Feeds

New solar system 'increases chances of finding life'

The Neptune adventure

Intelligent flash storage arrays

Artist view of planetary system around HD69830Astronomers have revealed that a nearby solar system has a planet that could harbour liquid water. Techniques applied in the investigation have also made the search for more habitable planets easier.

The snappily-named HD 69830 system is in the constellation Puppis, around 41 light years away.

The Sun-like star has three Neptune-weight bodies orbiting it, ranging from 10 to 18 times the mass of Earth. The Switzerland-based researchers report in Nature that the two innermost planets are likely to be rocky rather than gas-dominated.

The system also has an asteroid belt, similar to our own, between the inner planets and a third body. The outer planet is the most interesting in terms of life.

Although it is surrounded by a massive gaseous envelope, simulations suggest it has a rock and ice core. It lies at the inner edge of the system's “habitable zone”, where liquid water could exist on the surface. Fabulously named Bern University co-author Willy Benz explained: “This alone makes this system already exceptional.”

The planets were found using the European Southern Observatory's 3.6m La Silla telescope high in the Chilean Andes.

The planets were given away by the Doppler effect. When an object is moving relative to astronomers on Earth, Doppler shift changes the wavelength of light coming from that object. The movement of stars with planets is altered by them in a way which is detectable in their Doppler signal.

“The planetary system clearly represents a Rosetta stone in our understanding of how planets form. No doubt it will help us better understand the huge diversity we have observed since the first extrasolar planet was found 11 years ago.”

The 180-odd extrasolar planets so far discovered by this method have tended towards the more massive end of the spectrum; bigger planets produce more easily detectable Doppler wobbles. The new trio are at the lower end of the scale, and the techniques refined in the course of the investigation should mean that more Earth-sized worlds will be found soon. ®

Security for virtualized datacentres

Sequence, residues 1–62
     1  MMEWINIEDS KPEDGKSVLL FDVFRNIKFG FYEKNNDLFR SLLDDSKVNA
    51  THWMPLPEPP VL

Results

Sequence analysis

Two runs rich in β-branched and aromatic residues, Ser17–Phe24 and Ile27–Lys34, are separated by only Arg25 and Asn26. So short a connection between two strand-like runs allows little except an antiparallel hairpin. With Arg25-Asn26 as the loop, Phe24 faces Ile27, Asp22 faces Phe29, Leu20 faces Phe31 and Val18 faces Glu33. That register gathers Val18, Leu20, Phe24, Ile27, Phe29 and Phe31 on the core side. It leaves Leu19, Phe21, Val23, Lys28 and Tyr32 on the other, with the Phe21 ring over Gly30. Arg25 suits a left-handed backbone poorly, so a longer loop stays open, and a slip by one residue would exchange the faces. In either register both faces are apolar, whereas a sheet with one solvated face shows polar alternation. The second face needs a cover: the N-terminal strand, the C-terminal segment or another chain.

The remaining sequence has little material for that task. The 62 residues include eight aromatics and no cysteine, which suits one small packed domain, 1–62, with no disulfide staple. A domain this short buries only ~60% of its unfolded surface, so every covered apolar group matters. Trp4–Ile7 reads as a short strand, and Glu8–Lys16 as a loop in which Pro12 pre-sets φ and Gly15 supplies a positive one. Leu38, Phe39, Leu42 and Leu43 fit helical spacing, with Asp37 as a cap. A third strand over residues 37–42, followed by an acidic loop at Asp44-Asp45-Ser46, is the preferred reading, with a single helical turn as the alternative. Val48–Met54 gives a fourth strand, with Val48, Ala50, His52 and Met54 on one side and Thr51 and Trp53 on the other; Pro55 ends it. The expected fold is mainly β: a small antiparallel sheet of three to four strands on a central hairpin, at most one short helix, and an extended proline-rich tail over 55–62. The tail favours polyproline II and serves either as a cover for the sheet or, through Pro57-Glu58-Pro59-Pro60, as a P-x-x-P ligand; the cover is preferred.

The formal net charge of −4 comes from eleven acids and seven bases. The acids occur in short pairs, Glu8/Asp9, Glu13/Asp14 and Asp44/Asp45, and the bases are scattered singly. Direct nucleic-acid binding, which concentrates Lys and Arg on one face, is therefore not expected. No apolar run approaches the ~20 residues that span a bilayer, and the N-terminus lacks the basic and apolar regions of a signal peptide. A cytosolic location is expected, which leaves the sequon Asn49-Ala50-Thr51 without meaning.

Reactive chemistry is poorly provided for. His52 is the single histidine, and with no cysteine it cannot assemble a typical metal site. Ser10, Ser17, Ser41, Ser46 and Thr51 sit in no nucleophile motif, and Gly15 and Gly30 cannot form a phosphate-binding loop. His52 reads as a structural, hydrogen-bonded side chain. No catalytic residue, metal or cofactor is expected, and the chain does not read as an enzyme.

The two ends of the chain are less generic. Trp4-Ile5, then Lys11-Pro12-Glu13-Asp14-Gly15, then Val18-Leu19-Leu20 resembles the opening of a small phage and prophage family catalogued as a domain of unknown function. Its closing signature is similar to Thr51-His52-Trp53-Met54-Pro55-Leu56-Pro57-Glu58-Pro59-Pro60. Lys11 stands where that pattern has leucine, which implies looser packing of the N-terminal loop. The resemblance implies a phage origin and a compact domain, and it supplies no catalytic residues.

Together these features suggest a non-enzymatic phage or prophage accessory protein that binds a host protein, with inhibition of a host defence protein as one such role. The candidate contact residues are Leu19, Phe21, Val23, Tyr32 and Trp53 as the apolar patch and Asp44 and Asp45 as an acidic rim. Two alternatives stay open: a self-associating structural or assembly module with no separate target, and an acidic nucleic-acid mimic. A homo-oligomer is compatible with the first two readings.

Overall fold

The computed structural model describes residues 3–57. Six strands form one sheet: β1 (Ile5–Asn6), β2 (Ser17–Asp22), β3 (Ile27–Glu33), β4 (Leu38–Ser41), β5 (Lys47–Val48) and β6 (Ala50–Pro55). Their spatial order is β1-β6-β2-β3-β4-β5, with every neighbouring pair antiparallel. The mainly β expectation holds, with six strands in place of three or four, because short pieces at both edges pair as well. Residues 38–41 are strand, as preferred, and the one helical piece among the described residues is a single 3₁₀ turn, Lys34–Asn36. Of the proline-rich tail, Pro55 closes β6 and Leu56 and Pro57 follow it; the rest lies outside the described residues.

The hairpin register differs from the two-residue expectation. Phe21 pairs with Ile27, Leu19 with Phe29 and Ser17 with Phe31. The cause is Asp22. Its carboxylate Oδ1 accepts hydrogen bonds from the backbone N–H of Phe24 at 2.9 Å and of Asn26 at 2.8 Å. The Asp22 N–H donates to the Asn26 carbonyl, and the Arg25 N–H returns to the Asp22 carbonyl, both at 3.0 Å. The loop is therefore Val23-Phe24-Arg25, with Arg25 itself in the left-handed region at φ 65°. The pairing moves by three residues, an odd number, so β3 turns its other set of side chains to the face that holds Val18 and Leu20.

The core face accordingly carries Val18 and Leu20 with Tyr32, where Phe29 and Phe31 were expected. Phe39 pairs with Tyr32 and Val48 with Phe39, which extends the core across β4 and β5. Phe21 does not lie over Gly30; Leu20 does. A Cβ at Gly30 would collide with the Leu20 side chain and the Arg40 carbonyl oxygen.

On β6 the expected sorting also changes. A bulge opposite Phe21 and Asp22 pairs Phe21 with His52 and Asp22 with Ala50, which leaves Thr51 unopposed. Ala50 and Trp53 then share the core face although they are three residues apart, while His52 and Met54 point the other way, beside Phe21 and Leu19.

More from The Register

next story
Boffins who stare at goats: I do believe they’re SHRINKING
Alpine chamois being squashed by global warming
What's that PONG? Rosetta probe shoves nose under comet's tail
Rotten eggs, horse dung and almonds – yuck
Comet Siding Spring revealed as flying molehill
Hiding from this space pimple isn't going to do humanity's reputation any good
Experts brand LOHAN's squeaky-clean box
Phytosanitary treatment renders Vulture 2 crate fit for export
LONG ARM of the SAUR: Brachially gifted dino bone conundrum solved
Deinocheirus mirificus was a bit of a knuckle dragger
MARS NEEDS WOMEN, claims NASA pseudo 'naut: They eat less
'Some might find this idea offensive' boffin admits
prev story

Whitepapers

Choosing cloud Backup services
Demystify how you can address your data protection needs in your small- to medium-sized business and select the best online backup service to meet your needs.
Forging a new future with identity relationship management
Learn about ForgeRock's next generation IRM platform and how it is designed to empower CEOS's and enterprises to engage with consumers.
Security for virtualized datacentres
Legacy security solutions are inefficient due to the architectural differences between physical and virtual environments.
Reg Reader Research: SaaS based Email and Office Productivity Tools
Read this Reg reader report which provides advice and guidance for SMBs towards the use of SaaS based email and Office productivity tools.
Storage capacity and performance optimization at Mizuno USA
Mizuno USA turn to Tegile storage technology to solve both their SAN and backup issues.